Joseph Ratzinger, who in 2005 became the 265th pope, posed for this 1938 photo with his father Josef, sister Maria, mother Maria and brother Georg.
The future pope served as a German military anti-aircraft unit helper in 1943, during World War II. When he turned 18, he was drafted into the German military but deserted shortly thereafter.
In 1951, Ratzinger, right, and his brother were ordained as Catholic priests in Freising, southern Germany. Ratzinger had studied philosophy and theology in the Higher School of Philosophy and Theology of Freising and at the University of Munich.
By 1955, when this photo was taken, Ratzinger was a lecturer for dogmatic and fundamental theology in Freising, southern Germany. He went on to teach at Bonn, from 1959 to 1963.
Ratzinger greeted the faithful in Munich upon becoming the cardinal of Munich and Freising on July 1, 1977.
Ratzinger, center, joins other cardinals marching into the Sistine Chapel on Oct. 14, 1978, for the start of the conclave that chose the late John Paul II as pope.
In 1982, then-Cardinal Ratzinger shakes hands with two women who waited with thousands in Munich to bid farewell to Ratzinger as he took leave from his Bavarian believers to head the Congregation of Faith in the Vatican.
Ratzinger, right, visits with Bishop Karl Lehmann during a Catholic meeting in the eastern German city of Dresden in July 1987.
Ratzinger at a mass to celebrate the 2,000-year anniversary of the western German city of Speyer in 1990.
Ratzinger shakes hands with Rabbi Rene Samuel Sirat during the International Jewish/Christian conference on modern social and scientific challenges in Jerusalem, February 1994.
Ratzinger presents the latest encyclical "Fides et Ratio" of Pope John Paul II during a press conference in the Vatican, October 1998. The pontiff pleads in this encyclical for a bridging of the gap between faith and reason and warns against nihilism and certain trends of modern thinking.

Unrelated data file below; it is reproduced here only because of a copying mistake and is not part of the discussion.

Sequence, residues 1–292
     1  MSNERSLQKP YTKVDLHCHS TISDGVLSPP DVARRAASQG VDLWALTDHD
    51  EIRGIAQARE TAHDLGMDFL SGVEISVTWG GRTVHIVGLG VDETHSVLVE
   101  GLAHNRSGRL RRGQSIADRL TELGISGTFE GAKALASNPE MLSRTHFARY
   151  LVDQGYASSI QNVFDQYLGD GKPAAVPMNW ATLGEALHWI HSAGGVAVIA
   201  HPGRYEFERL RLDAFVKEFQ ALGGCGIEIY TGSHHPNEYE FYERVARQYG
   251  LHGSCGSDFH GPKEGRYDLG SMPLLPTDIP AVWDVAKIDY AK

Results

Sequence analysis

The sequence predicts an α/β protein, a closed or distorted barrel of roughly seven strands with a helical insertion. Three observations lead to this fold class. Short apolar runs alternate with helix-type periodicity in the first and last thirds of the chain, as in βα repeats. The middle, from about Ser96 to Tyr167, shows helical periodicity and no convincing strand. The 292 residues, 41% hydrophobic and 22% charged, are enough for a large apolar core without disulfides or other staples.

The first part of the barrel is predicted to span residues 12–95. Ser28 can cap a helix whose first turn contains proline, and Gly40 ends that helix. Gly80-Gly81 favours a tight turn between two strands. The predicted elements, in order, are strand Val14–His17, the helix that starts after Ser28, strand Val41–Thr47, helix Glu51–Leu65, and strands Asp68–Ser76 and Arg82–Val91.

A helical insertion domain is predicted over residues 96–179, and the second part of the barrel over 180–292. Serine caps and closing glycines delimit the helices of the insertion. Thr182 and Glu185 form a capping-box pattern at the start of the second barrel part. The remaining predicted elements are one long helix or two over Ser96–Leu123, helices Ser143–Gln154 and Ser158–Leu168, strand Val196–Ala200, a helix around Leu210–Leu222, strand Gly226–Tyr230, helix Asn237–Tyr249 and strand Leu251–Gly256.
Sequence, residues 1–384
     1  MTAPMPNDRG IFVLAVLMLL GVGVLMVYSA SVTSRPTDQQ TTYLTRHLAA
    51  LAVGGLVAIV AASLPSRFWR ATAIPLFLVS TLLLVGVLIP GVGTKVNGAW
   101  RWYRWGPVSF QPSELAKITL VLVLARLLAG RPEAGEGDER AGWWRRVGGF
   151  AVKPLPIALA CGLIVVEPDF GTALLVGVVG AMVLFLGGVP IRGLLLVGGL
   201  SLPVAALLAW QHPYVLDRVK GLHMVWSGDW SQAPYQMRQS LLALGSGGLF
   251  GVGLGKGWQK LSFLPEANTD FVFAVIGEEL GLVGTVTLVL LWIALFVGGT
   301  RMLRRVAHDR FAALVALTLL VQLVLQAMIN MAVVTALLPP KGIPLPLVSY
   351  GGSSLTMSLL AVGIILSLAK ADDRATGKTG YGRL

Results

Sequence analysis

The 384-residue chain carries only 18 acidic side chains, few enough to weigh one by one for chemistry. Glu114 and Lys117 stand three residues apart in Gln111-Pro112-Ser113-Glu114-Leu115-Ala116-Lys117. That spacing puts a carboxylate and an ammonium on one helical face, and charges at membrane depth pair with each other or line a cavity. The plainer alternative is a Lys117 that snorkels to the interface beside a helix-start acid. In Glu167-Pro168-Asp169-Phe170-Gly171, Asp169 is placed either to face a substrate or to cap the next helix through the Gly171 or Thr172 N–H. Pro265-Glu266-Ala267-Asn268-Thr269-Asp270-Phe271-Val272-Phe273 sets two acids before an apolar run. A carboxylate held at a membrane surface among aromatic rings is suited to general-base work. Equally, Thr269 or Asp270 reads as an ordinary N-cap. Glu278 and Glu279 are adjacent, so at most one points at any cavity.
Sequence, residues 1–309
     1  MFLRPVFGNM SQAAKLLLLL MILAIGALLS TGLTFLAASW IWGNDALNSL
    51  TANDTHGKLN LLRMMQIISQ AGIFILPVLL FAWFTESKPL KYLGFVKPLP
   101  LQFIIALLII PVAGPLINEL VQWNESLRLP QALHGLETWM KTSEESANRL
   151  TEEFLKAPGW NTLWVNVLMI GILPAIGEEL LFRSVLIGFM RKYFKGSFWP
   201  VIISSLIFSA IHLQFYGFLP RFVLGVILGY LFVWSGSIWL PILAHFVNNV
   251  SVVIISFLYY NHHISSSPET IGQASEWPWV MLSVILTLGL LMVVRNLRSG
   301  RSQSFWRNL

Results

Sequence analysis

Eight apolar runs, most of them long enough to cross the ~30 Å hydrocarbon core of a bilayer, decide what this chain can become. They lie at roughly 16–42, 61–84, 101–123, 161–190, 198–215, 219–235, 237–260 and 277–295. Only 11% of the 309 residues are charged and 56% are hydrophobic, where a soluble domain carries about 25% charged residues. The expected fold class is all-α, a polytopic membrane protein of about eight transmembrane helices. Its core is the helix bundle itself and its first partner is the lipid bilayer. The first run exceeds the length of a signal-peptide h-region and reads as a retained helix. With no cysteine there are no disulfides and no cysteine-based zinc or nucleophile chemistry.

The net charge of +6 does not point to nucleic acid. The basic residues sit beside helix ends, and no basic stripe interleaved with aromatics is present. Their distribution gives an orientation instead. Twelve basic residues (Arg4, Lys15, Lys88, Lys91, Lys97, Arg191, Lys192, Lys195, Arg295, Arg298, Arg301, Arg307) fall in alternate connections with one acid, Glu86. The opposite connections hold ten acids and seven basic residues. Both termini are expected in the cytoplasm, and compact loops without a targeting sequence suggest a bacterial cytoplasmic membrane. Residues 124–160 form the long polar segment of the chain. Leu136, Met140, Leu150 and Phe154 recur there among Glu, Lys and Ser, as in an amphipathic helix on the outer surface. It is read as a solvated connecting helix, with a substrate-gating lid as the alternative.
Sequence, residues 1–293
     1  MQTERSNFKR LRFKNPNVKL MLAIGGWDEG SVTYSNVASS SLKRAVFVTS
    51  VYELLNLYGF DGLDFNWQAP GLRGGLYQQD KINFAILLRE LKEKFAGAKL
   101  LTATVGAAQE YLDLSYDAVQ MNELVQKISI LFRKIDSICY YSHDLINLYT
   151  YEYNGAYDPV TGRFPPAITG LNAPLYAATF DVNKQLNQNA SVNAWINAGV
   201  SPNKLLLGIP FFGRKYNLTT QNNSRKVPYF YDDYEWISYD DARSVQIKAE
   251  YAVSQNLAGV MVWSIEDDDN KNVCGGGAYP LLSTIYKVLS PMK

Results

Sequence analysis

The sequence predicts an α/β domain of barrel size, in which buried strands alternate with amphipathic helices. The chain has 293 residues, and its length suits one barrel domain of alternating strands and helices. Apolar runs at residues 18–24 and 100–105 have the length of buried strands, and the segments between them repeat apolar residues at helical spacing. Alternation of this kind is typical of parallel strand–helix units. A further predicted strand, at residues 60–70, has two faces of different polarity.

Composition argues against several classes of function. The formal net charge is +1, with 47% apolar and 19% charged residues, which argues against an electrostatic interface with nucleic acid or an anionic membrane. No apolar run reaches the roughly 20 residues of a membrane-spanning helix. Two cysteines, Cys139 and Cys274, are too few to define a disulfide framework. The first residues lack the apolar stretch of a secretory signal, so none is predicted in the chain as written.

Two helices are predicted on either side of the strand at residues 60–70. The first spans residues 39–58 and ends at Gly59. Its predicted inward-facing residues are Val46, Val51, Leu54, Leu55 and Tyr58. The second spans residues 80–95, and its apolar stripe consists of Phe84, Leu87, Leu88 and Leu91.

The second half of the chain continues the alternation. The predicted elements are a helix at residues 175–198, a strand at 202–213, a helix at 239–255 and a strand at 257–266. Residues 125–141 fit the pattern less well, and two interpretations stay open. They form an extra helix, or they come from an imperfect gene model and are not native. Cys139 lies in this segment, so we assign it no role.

Ratzinger celebrates a memorial mass at St. Peter's Basilica for the souls of deceased Popes Paul VI and John Paul I on September 27, 2003.
Paris Archbishop Jean-Marie Cardinal Lustiger (L) and Ratzinger attend the pope's Sunday blessing in St. Peter's Square September 28, 2003. The pope named 30 new cardinals, along with one unnamed prelate, to choose the pope's successor in the event of his death. The unnamed cardinal, "in pectore", meaning secret, is a practice used if the cardinal is in an area where there is hostility toward religion.
Pope John Paul II waves to cardinals and bishops during a ceremony ending their meeting at the Vatican in October 2003 as Ratzinger looks on. Cardinals from around the world descended on the Vatican for the biggest gathering of Catholic Church hierarchy in years, during several days of celebrations marking the 25th anniversary of Pope John Paul II's election.
Cardinals Angelo Sodano (C) and Ratzinger during the palm procession prior the Palm Sunday mass celebrated in St. Peter's Square. The Catholic Church on Sunday began ceremonies for the Holy Week of Easter, in which a convalescent Pope John Paul II, for the first time in his 26-year papacy, played only a minor role as he battled to recover from his recent throat operation.
Cardinal Ratzinger, acting as substitute for the pope, showes the gospel book during the celebration of the Easter Vigil service in Saint Peter's Basilica in March 2005 in Vatican City. Pope John Paul II remained in his private apartment due to poor health.
Cardinal Ratzinger blesses the coffin of Pope John Paul II during his funeral mass in St Peter's Square at Vatican City, April 8, 2005. The world looked on as leaders from more than 100 nations and a multitude of mourners gathered for the popes's funeral, one of the most cherished pontiffs in history. Cardinal Ratzinger was elected to succeed Pope John Paul II, becoming Pope Benedict XVI.